East of England receives less transport funding

The government is planning to spend 98pc less on transport projects in the east of England compared to London, a new study claims.

The Institute for Public Policy Research has analysed chancellor George Osborne's �30bn plans to create more jobs by funding building across the country.

Its findings suggest Londoners receive the equivalent of �2,731 each and the south east �792 per head while the east of England is said to be receiving just �43 per head.

This includes �86.5m from the coalition toward the �111m northern distributor road around Norwich.

Tim East, Norfolk County Council Liberal Democrat shadow spokesman for transport, said the county was awarded a 'disappointing' amount of money because it was on the wrong side of the line of the government's spending formula.


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He said: 'It shows in all aspects. For example, the bus subsidy in terms of free bus passes. We are now �4.5m short of the amount because of that formula. My view is it is discriminatory on the part of the government and we all suffer in Norfolk and the eastern region.'

Bert Bremner, Norwich City Council cabinet member for planning and transport, said all areas of the county suffered from the lack of cash.

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He said: 'It's terrible when you start working out the richest area is going to have the most investment. We are being kicked in the teeth by the government and MPs.'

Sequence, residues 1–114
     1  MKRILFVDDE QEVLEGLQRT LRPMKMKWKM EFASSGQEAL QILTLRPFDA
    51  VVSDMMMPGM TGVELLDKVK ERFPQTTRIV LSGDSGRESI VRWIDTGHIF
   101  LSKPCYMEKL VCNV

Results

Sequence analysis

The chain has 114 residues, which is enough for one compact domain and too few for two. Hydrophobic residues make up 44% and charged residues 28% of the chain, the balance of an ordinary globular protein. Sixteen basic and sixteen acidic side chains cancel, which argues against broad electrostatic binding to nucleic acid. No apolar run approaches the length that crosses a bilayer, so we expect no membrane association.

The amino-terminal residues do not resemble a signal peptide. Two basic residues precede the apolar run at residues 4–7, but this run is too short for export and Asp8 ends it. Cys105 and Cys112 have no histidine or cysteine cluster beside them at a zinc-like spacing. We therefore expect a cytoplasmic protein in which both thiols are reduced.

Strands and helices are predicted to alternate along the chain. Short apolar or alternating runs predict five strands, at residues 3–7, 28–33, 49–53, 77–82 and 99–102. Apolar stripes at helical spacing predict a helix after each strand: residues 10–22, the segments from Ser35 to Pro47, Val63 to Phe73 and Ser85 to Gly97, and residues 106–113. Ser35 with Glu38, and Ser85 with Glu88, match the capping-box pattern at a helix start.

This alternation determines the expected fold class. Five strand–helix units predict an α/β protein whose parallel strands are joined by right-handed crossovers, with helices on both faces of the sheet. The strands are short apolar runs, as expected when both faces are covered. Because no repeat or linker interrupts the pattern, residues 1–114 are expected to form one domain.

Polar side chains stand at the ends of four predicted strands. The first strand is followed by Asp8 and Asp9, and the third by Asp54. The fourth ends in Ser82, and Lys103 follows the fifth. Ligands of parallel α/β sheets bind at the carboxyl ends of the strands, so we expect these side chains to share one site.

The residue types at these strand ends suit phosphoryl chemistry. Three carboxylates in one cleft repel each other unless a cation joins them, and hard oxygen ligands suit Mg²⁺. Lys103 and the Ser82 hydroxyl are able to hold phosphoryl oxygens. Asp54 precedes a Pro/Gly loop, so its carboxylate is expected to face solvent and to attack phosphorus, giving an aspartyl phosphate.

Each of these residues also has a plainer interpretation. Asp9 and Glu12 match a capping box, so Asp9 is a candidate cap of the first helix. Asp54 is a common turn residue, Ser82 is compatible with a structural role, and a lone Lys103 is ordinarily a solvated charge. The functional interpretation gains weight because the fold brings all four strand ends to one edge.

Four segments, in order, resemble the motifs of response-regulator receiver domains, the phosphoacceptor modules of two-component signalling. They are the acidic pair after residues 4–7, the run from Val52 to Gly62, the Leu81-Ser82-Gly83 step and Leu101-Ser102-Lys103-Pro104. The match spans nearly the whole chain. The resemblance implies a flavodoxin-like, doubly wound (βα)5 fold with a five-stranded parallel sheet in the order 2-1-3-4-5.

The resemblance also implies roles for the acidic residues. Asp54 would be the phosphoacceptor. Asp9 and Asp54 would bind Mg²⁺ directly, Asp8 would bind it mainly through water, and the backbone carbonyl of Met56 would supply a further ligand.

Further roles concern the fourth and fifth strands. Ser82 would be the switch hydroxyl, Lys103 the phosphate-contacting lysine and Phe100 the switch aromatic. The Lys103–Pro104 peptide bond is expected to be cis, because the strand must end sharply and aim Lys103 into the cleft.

The report said the area which received the least amount of funding was the north east, receiving �5 per head. It added government guidance ensured transport projects were 'skewed heavily in favour' of areas with the highest population density –London and the south east.

It said: 'As London's transport infrastructure and economy improves, so does its population density.

'As a result, the process becomes self-fulfilling to the point where it is difficult to see when London's congestion effects will finally be identified as a disbenefit rather than a good reason to invest yet more.

'Put crudely, the London and the south east are locked into a dependency on public sector spending on infrastructure which masks the true costs of doing business in the capital and holds back growth opportunities for other cities and their hinterlands.'

But a Department for Transport spokesman said �1.4bn of investment into transport schemes outside London had been announced in the past month, with one future aim including a high speed rail link from the north to south.

He said: 'However, we cannot ignore the fact that London is the biggest city in the UK and a global capital supporting a large number of people who commute from outside the region. The government's strategy for transport investment will ensure the maximum possible economic benefit to the UK as a whole – this means investing in the regions as well as ensuing that our major cities are able to compete in the world economy.'

richard.wheeler@archant.co.uk

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